Sharadchandra Bansode was kind enough to sit down for an interview and talk to us about his YouTube journey & Filmmaking. Read on to find out about our conversation!

Q1. When did you start your YouTube channel and why?

Sharadchandra Bansode – I feel that a major chunk of starting your YouTube channel is about knowing yourself, your strengths and your weakness; be it in a technical aspect or personal. Though unbeknownst to me, I already had a soft start in that aspect. It was around 2018 that I started working on my YouTube channel as a pet project that I could dabble in while continuing my freelance career as a producer, and filmmaker. The process of knowing yourself is one that definitely lacks any finitude. One of my core beliefs is that journaling (be it in the written form or visual) is a great way to assess life and there is a myriad of benefits that one can reap from it, so I figured vlogging (to start with) would be a great place to start from. There were other intentions of course. I wanted to work on my speech and diction, so I figured this could help me with that.

Q2. How did you get into filmmaking?

Sharadchandra Bansode – Albert Camus wrote that we get into the habit of living before we get into the habit of thinking. There are facets of life that happen to us and then there are those that we make happen for us. It was during my first year of engineering that I noticed that fine difference and that led to me dropping out against my parents’ wishes, eventually joining BMM at K.C. where I would like to think the first steps towards filmmaking were taken.
From there, I freelanced a bit before starting my own production house with my close
friend. At some point, we had to go our separate ways and I joined an ad agency as
their senior creative producer, eventually forgoing that for YouTube.

Q3. Do you think YouTube is a viable career option in 2020?

Sharadchandra Bansode – Yes and no. Unfortunately, I’m confident that YouTube is not a short-term fix although it might seem lucrative to think that it could be. However, I do think YouTube can facilitate independence (from the shackles of daily life) and growth for everyone but it’s one that takes a long time and then some. An honest timeline would be between 3 to 7 years, so it bodes well for you to find something (job, freelance, etc) which can sustain your YouTube journey.

Q4. Do you think Indian YouTubers like yourself will see a major push in the coming future
because of the ban on YouTube’s only major competitor TikTok?

Sharadchandra Bansode – I don’t think TikTok and YouTube were each other’s competition in the truest form. Irrespective of their origins, creators do have a proclivity toward comparison and that leads them to compare themselves to other creators on a different platform. While that leads to a you vs me attitude, it doesn’t have to be. You can be a TikTok artist (where a quicker format serves a specific audience), and you also be a YouTube (with scope to extensively information in your choice of genre). While this Tiktok ban will certainly see certain people migrate to YouTube, the vacuum left by Tiktok will definitely be occupied by similar entities that can take advantage of this unforeseeable incident. So to answer your question: Too difficult to say with certainty, too many variables.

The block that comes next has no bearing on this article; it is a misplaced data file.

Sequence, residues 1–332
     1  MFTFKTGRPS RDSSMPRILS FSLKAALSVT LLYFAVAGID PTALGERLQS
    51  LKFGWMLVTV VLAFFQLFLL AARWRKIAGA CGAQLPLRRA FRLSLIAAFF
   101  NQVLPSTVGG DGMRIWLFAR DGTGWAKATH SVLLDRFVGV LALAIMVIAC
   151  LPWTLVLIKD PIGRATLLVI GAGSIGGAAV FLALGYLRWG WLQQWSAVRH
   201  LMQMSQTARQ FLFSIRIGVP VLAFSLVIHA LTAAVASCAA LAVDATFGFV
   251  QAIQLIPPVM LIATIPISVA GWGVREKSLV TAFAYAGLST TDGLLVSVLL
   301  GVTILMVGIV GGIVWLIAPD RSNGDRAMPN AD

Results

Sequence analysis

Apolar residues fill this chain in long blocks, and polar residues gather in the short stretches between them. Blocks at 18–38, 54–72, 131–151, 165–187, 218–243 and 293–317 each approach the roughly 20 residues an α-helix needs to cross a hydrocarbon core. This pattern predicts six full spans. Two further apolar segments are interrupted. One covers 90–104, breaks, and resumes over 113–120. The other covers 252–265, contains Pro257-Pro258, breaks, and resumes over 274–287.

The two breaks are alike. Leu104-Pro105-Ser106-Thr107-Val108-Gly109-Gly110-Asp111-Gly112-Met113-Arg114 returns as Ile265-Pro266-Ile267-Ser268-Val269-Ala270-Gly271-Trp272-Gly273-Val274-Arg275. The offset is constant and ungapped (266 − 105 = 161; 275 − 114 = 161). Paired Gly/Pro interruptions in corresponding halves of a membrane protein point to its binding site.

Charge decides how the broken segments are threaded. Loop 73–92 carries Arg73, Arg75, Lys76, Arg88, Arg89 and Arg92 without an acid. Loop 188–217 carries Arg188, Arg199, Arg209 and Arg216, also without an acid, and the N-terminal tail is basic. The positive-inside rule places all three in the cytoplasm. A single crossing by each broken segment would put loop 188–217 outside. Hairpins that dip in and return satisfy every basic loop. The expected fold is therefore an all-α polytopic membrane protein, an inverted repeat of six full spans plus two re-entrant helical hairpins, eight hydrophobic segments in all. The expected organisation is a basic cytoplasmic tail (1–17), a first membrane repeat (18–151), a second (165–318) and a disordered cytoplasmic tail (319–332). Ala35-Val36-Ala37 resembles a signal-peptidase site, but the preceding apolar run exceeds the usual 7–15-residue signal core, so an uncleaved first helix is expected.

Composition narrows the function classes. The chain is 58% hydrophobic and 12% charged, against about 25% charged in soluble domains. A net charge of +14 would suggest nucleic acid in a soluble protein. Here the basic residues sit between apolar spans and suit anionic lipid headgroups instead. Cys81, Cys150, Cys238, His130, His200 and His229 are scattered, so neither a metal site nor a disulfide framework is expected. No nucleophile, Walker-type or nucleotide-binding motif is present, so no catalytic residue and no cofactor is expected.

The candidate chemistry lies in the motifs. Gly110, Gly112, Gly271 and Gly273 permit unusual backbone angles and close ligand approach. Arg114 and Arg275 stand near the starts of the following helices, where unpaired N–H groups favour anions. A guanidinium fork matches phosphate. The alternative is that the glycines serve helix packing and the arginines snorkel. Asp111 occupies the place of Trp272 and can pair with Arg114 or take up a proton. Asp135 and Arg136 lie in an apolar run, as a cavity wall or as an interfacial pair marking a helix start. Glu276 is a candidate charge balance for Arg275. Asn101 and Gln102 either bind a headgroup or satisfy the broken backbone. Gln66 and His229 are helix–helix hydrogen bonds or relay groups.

Q5. Who are some of your favourite creators?

Sharadchandra Bansode – Oh god, it’s a long list. Here are my top ten, but not in sequence.

  • Peter McKinnon
  • Matt D’avella
  • Sean Tucker
  • Simon Sinek
  • Jordan B. Peterson
  • Casey Neistat
  • Gary V
  • Pewdiepie
  • Simon Sinek
  • Academy of Ideas

Q6. What are your plans for the future?

Sharadchandra Bansode – My plan for the future, when it comes to my YouTube Channel, is to establish a free space for future creators with information and guidance on their (3 to 7 years) journey so that they create content that’s uniquely their own. From a day-to-day perspective, just to make sure that I routinely show up to work (ideating, scripting, filming) and be on a steady course.

Q7. Any tips for new YouTubers?

Sharadchandra Bansode – If you truly want to grow a strong, long-lasting foundation on YouTube then understand that it’s going to be difficult. There’s no question about it. You’ll face obstacles and troubles you can’t even comprehend right now. But if you’re able to face them with the right mindset, with patience and fortitude then I can promise you that it’ll be worth all those difficulties.

Also Read – Julia Ehrlich Talks About Making It As A Fitness Entrepreneur

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Content Creators

Justin Odisho Talks About YouTube, TikTok & Content

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Justin Odisho

Today, we are in conversation with Justin Odisho. Justin is a YouTuber, Podcaster & Entrepreneur.

1. When did you start your YouTube channel and why?

Justin Odisho – I started my current YouTube channel in 2011 but I had been uploading since around 2007 on various channels. I got tired of having trouble with copyright issues due to music so I decided to try sharing photoshop content since it was fun and problem-free and it just grew from there.

2. What made you start a podcast?

Justin Odisho – I wanted to expand my content and be able to collaborate with others outside of just a tutorial. I had also been listening to lots of podcasts and I wanted to have my own place to share thoughts on things beyond editing help. It’s been a fun project I’ve travelled and met lots of cool people doing.